The CCH acquisition of ATX was important to CCH, which wants to expand into the market that seeks lower-priced products, but felt that it couldn't accomplish that with its ProSystem fx Tax. However, despite the effort of competitors to stir up concern about the ATX user base, there doesn't seem to be a great deal of worry.
It was a non-event for ATX user Hal Hebert, owner of Hebert Service, based in Hayes, La. Hebert, who has been preparing taxes for 35 years, says that because CCH is so well known in the tax and accounting market, there is no need for worry.
"I'm not unhappy with it. CCH is a good company," he says.
Another tactic to appeal to converts has been the promise of early shipments, as touted by Intuit. Companies also made conversion services available earlier. Ken Crutchfield, vice president of marketing for ATX/Kleinrock, says that his company had conversions available for the Dunphy customers before CSI did.
However, CSI is happy with the rate at which the Dunphy users are signing up, and it saw no reason to tinker with its shipment dates, which were already relatively early, says Jack LaRue, CSI's senior vice president of marketing.
CSI is also happy with the pace of adoption of its electronic services.
The number of Web-based organizers grew from 14,000 for tax year 2004 to 34,000 for tax year 2005, with a 30 percent completion rate. That compares to a typical completion rate of 10 to 15 percent, LaRue says.
There were also about 10,000 1040 portals in use during the last season, the first full year that service was offered. The number of client portals of all types, including those that provide storage of various documents types, topped 85,000.
The Support Business
Technical support is always a major issue for tax preparers-for many it's often more important that the array of new software features trotted out by the vendors.
Randy Johnston, a partner with K2 Enterprises, a consulting firm that keeps track of performance by vendors throughout the tax and accounting business, says that 2006 was not the best year for CCH and Intuit Lacerte.
Goodarzi admits that Intuit had some problem with response time during the last season, but says that the company has addressed these issues.
"We have been making significant improvements in terms of adding better talent, better support for Lacerte," he says. The company also studied how calls should be routed, which can depend on the size of the firm and the time of the year.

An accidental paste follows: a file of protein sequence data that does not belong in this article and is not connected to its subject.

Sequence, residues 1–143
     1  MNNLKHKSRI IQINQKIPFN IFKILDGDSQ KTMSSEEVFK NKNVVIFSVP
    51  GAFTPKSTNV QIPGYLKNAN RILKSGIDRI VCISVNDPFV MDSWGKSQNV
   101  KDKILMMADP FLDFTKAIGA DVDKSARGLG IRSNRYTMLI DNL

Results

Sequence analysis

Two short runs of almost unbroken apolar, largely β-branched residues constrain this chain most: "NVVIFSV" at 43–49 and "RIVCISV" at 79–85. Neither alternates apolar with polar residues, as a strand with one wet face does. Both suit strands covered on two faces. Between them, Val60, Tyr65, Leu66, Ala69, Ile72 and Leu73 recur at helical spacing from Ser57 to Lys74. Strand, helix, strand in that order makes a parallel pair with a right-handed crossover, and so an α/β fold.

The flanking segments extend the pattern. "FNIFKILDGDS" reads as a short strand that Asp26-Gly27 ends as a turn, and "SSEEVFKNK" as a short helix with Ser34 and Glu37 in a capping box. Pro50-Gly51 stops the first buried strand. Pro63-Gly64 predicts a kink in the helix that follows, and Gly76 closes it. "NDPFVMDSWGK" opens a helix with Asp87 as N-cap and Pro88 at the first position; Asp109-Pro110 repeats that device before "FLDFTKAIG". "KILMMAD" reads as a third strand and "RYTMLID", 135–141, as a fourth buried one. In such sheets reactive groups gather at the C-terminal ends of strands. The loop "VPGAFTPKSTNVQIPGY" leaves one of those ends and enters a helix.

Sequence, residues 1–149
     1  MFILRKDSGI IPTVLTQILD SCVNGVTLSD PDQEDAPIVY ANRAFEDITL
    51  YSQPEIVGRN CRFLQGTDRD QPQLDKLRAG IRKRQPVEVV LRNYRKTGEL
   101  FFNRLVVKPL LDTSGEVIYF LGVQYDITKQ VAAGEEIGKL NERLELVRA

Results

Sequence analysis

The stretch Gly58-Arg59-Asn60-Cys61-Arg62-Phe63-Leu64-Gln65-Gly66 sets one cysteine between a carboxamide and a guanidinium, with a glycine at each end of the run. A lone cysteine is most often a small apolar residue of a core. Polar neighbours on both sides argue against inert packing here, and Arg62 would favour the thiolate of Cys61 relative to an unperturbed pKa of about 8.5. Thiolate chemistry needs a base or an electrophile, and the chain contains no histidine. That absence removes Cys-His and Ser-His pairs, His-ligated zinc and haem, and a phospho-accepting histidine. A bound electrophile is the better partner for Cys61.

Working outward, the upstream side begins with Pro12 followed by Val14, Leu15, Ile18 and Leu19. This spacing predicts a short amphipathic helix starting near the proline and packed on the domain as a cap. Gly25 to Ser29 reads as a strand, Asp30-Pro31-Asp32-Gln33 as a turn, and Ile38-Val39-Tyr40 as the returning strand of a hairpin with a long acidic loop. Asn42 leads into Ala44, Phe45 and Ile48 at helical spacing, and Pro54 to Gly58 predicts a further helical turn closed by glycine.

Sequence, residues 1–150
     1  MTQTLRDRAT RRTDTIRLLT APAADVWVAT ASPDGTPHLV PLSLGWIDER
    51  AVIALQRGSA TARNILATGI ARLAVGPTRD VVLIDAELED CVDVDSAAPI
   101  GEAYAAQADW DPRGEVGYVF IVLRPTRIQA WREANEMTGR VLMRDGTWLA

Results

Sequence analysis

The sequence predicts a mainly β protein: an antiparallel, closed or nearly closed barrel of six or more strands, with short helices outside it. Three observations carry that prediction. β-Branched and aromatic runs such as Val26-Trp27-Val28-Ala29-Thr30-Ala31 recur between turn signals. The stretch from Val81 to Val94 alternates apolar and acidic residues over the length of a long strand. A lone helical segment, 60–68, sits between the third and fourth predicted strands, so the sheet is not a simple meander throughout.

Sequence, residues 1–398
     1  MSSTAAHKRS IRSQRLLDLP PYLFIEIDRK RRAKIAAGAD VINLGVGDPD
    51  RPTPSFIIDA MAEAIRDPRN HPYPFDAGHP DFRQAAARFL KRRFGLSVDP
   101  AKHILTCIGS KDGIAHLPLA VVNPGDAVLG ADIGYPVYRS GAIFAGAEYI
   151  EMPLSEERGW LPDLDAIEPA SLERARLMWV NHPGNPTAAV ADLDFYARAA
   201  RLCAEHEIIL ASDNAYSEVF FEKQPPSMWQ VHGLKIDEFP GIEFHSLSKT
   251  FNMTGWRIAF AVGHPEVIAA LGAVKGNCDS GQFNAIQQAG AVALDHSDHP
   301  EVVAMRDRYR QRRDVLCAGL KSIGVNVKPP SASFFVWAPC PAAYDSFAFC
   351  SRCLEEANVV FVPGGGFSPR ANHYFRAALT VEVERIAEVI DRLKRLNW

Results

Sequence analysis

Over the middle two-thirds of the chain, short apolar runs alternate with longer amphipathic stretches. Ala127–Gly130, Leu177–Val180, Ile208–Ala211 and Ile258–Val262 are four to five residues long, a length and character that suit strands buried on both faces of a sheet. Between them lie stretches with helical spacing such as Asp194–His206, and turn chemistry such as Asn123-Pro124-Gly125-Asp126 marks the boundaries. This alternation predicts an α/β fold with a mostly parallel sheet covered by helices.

Shipping the initial CD about four weeks earlier should also help since that will let support personnel grapple with installation issues earlier, instead of having those calls coming in when other support issues are being addressed.
As for CCH, Mike Sabbatis, the company's vice president of sales and marketing, notes that the company has made some changes for the upcoming season. One of those includes its tech support knowledge base, which spells out issues solved by tech support. That was made available to customers during the summer.
Sabbatis did not spell out the issues cited by Johnston.
CCH has also equipped its support staff with dual monitors because of the growing popularity of that environment.
"We live in the same environment our customers live with," says Sabbatis.
Three years ago, the outsourced preparation of tax returns was one of the hottest topics, as vendors lined up to urge firms to ship their returns offshore to save money on labor and enjoy the benefits of time shifting-returns sent to India could be finished during the night and ready for review when partners returned in the morning.
This year, none of the companies contacted about their plans for the 2006 tax year mentioned outsourcing as one of its features. That doesn't mean that the practice is dead.
"There are still some people who are not ready for it," says CCH's Sabbatis. "Yet, they don't have a solution to getting work done as it comes their way."
In 2004, the number of returns prepared abroad dipped on concerns over privacy and security.
However, he notes that in the last tax season, the number of returns processed via ProSystem fx Outsource was up 40 percent over tax year 2005 and that the pace is accelerating and the company expects an increase for tax year 2006.